Triton Media Group, which provides programming to 4,500 radio station affiliates, has signed an agreement with Jelli to syndicate two Internet programs on FM and high-def stations. The Top 40 Jelli and the Rock Jelli programs are scheduled to go live across the U.S. early next year.
The deal surfaced after Jelli began testing the application with CBS Radio Bay Area affiliate Live 105 KITS a few months ago. The Sunday night Jelli show on Live 105 also led to an agreement with Australian-based Austereo. In November, the station will launch a Hot 30 Jelli show on stations in Sydney, Melbourne, Brisbane, Adelaide and Perth. The stations will broadcast the show on FM and digital radio (DAB+), and it will be available online 24 hours daily.
The concept is the brainchild of Jelli co-founders Michael Dougherty and Jateen Parekh. The two set out to reinvent radio by giving terrestrial broadcast stations the ability to crowdsource music, target advertising and provide an outlet for promotions and games.
The Internet application provides terrestrial radio stations with a Google-like feel and experience. Run from a server sitting alongside the radio station's digital programming equipment in the broadcast studio, an Internet application allows listeners to take control of the music sent over the airwaves. The server plugs into the audio-out pin to transmit through the broadcast tower and the Internet.
Jelli's Internet interface provides a list of songs. The music listeners vote on the songs they want to hear. Votes move songs up or down the chart. Clicking on the "Rocks" or the "Sucks" meter keeps or removes songs from playing on the air. "It usually takes a little more than half the audience to blow up a song and take it off the air by hitting the 'Sucks' button," Dougherty says. "It usually happens about once per show." When the crowd blows up a song, the next track moves up the queue and into the play box.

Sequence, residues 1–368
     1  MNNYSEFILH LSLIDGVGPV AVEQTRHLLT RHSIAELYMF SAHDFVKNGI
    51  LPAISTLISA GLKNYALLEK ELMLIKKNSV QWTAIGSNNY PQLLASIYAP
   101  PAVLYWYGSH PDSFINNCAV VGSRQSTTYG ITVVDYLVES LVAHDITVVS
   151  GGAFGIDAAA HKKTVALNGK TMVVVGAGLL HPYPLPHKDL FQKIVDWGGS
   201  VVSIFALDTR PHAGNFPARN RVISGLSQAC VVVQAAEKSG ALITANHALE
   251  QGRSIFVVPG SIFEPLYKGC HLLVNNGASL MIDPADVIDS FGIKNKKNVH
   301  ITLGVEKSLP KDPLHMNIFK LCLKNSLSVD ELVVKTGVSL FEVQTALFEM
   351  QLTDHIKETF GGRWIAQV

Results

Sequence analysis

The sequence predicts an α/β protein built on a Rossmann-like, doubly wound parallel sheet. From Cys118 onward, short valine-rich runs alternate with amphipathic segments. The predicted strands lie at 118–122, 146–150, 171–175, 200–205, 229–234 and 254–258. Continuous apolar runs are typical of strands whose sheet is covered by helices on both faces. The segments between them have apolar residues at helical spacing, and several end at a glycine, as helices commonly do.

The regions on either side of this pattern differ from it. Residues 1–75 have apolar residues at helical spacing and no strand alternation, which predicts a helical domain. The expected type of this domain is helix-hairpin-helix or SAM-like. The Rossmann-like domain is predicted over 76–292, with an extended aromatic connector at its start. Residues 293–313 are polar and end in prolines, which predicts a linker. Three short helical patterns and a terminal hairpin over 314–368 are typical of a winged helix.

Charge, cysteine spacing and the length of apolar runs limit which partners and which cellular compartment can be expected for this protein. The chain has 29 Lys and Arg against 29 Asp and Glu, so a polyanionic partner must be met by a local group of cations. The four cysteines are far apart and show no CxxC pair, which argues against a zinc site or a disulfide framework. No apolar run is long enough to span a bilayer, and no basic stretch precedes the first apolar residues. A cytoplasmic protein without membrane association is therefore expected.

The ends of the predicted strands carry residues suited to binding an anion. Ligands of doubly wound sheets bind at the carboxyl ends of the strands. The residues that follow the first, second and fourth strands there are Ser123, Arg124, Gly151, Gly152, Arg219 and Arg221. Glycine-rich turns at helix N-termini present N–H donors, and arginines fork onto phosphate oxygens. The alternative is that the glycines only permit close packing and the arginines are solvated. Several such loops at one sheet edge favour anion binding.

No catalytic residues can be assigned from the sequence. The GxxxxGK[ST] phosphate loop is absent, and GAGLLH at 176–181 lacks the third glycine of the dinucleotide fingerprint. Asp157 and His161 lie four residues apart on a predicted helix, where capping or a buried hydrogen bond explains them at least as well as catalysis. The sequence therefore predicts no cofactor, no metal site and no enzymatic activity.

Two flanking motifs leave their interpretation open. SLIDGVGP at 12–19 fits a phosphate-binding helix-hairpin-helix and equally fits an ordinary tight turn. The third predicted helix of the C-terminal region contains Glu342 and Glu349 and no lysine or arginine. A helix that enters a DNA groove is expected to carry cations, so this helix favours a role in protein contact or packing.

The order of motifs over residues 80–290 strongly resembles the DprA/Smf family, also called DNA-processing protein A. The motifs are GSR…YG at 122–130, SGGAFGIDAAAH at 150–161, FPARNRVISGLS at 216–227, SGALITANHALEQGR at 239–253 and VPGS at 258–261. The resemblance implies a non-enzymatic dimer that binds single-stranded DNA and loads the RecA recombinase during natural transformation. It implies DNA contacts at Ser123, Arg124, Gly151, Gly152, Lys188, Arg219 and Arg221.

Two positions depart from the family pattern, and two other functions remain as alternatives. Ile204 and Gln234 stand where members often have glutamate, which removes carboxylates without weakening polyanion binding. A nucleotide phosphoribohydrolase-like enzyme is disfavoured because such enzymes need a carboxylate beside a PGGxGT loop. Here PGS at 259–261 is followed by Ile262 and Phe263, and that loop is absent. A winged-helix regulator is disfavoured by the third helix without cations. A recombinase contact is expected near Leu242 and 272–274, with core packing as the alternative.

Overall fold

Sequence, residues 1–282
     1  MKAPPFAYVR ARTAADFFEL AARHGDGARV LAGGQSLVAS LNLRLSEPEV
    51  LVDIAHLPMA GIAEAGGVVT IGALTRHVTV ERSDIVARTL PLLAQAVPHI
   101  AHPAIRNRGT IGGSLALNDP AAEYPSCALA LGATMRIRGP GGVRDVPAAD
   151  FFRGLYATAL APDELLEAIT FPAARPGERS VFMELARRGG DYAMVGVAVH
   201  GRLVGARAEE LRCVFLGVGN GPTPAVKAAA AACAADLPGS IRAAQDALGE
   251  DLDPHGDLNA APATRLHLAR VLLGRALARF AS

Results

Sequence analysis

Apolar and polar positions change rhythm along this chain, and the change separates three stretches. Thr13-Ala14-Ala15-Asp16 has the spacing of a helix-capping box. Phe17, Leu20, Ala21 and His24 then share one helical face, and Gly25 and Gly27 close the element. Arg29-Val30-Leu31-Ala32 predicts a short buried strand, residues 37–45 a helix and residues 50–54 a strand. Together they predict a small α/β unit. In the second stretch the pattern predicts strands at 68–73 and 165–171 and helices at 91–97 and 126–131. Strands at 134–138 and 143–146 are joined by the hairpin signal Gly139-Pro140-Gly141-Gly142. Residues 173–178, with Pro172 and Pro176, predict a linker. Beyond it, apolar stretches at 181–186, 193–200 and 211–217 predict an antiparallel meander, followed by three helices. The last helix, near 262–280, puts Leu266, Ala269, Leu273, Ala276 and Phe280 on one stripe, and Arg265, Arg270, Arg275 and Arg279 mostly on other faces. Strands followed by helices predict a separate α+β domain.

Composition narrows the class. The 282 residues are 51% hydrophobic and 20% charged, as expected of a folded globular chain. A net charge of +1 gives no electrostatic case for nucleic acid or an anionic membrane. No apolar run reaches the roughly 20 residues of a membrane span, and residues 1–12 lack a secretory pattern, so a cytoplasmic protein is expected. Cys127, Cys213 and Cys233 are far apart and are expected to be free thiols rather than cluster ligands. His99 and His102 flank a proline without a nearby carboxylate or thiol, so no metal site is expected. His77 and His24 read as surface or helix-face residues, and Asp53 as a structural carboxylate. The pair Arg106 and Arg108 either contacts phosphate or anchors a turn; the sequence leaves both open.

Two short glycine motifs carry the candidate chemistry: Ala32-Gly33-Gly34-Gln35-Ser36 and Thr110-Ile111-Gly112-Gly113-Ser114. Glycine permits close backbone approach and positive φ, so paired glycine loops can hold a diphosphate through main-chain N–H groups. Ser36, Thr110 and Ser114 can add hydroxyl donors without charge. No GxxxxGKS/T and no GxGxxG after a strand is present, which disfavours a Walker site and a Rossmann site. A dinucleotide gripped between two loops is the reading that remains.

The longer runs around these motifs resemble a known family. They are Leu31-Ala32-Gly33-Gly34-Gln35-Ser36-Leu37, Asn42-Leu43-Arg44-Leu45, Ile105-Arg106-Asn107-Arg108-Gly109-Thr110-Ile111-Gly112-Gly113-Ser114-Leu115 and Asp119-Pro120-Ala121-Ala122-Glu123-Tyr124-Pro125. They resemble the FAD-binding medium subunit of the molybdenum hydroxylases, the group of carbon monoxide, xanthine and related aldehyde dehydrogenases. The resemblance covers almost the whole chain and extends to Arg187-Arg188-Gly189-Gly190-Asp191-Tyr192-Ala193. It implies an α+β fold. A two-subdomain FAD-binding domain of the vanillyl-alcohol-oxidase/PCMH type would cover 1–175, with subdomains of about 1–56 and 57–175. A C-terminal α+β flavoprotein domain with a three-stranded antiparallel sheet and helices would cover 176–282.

Advertising spots run throughout the show, similar to traditional radio station, but clicks required to vote on the song tracks reveal more about the audience than their musical taste. The service doesn't offer a "just-in-time" ad-serving platform, but in the future it could match the music file with specific ads. Each person voting on the music must have a profile. The system also knows if the person votes from a mobile device or the Web. Consumer privacy is a concern and a high priority, too.
The platform has the ability to serve up and match ads with music, but advertisers need to step up and test the feature. Dougherty says that's on the books for 2010.
"When a block of ads comes on, because we have an audio platform serving up files, we could -- in theory -- understand the audience and play the correct ad at the perfect time," he says. "Out of the box, that's just too much rocket science, so we're launching the platform with a cool interface instead."
Triton isn't the only traditional broadcast company taping the Internet to expand its fan base. NPR radio has bridged the gap through Livio technology, which aims to make audio streams accessible to more people. NPR listeners can now personalize their NPR stations, switching between the local NPR member station and on-demand content and programs from NPR.org and stations across the United States.
The NPR Radio by Livio makes it possible for listeners to access more than 1,000 NPR station streams, more than 800 podcasts and audio archives of NPR programs. Listeners can store and access their favorite NPR stations with a convenient "my NPR" button on the front of the device. They also can access more than 16,000 validated Internet radio stations worldwide through Reciva, which supports Internet radio technology.